I keep saying “pixelwall” and hoping that’s self explanatory, just in case here’s one way to think of them. Imagine a wall of your house, or perhaps even all four walls of every room coated with pixel fabric and connected to your home wireless network. Maybe the walls are normally displaying the default scene when you enter the room, and you see what appears to be a flat matte wall with framed family photos hanging on it. You get a call, and a screen appears life size on the wall. It’s your friend with a video call, and they want you to join them. Half of your room turns into your default backdrop, let’s say you like outdoors and you are sitting by a river with an impressive view of El Capitan behind you. Your friend prefers a backdrop of Paris in the Spring for their half. You both start talking about the latest band, and you wave your hand and speak their name, a display pops up and you are watching them at their latest concert. Your friend and you buy two tickets, and you are popped into front row virtual seats, and the concert surrounds you with a 360 degree view painted across the walls of your homes… at the concert you are standing in 3d and people can see your hologram dancing…

The future has real potential to get interesting very quickly as these technologies combine and cross verges with each other. While none of these technologies are in use this way today and they may not merge the way I’ve speculated, they will merge in other ways. The point is that they all could be used this way. You could crudely put all of this together with today’s off the shelf stuff. It wouldn’t be pretty but as advances in deposition hit the plasma and lcd industry we will eventually see pixel walls more common than not. As the xbox type full body motion controllers migrate to computers, you will see new uses. As vocal input improves you will see that merge with other means of command. As communications tech and video calling / conferencing improves you will see it become common.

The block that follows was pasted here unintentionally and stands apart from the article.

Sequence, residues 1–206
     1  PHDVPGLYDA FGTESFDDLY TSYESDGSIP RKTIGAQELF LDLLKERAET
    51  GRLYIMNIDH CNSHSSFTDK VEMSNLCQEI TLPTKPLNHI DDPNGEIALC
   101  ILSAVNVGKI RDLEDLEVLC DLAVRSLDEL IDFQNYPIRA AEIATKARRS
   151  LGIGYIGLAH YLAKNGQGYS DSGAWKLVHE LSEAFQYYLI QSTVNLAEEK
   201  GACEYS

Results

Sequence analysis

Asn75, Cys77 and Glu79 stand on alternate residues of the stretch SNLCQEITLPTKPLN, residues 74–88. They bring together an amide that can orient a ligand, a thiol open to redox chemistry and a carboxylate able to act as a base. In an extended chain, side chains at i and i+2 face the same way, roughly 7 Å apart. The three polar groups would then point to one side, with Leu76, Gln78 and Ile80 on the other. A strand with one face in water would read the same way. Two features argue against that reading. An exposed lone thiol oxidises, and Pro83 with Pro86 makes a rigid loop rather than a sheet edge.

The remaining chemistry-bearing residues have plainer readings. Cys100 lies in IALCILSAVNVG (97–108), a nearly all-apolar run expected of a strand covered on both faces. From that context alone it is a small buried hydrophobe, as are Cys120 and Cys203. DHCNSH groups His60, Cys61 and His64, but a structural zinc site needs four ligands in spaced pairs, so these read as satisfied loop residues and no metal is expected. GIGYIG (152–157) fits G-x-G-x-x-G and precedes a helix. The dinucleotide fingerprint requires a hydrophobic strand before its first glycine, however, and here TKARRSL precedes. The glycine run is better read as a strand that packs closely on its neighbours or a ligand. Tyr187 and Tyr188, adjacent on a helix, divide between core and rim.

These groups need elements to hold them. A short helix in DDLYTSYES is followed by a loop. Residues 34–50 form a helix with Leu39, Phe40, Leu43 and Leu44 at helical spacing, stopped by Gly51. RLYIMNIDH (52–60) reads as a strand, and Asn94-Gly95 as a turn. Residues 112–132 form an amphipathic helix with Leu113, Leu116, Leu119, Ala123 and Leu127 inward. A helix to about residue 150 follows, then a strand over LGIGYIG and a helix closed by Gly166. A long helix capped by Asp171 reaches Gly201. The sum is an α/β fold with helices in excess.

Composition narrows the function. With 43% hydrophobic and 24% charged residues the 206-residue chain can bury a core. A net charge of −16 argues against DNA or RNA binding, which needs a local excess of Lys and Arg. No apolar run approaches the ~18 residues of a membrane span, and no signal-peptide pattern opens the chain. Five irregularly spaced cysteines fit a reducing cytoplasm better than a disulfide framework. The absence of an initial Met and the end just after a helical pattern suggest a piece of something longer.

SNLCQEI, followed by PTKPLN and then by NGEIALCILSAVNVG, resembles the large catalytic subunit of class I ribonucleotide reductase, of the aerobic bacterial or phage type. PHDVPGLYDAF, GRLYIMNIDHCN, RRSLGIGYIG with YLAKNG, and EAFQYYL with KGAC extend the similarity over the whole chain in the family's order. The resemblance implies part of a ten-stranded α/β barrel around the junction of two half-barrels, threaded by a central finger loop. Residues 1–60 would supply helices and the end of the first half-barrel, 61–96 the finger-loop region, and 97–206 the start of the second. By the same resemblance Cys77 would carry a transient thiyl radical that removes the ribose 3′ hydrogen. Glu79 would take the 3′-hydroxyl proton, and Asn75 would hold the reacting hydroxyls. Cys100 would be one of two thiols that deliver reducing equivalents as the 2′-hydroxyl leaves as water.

2 thoughts on “Why Gaming is Important for our Future”

  1. I own a 360 and I have been a gamer for over 20 years, starting all the way back with the TRS-80 and Commodore 64. This initiative, while interesting, is not likely to spawn any paradigm shifting gameplay.

    Essentially, this is another attempt by Microsoft (and others, like Sony) to lure the non-gamer market under their net. What this means is that we will experience a slew of simplistic games (if you can even call them that) that will use a very basic interface that your even grandmother can understand.

    Some of these potential games may or may not do anything innovative, but they will mostly be ignored by the hard-core and main-stream gamer and thus result in another failed effort to turn average people into “gamers”.

    Being a gamer takes a mind that can focus on, and receive rewards from, a virtual environment. It takes a mind that enjoys exploration, puzzles, stories and challenges. It takes a mind that can engage, sometimes for hours, in a single task, driven by the need to reach a new level or uncover a hidden secret.

    Just as I get absolutely ZERO enjoyment from an activity like fishing or hunting, there are others who get ZERO enjoyment from games. Its hard-wired into who they are, and no amount of jimmy-rigging can change that.

  2. You could be right; however one thing I’ve noticed about hard core gamers is that when something gives even slight advantage they will adopt it like mad. It starts with the hard core PVP’ers and moves on from there.

    To me the more interesting thing is not so much how it affects gaming longer term, but rather how it affects the rest of computing.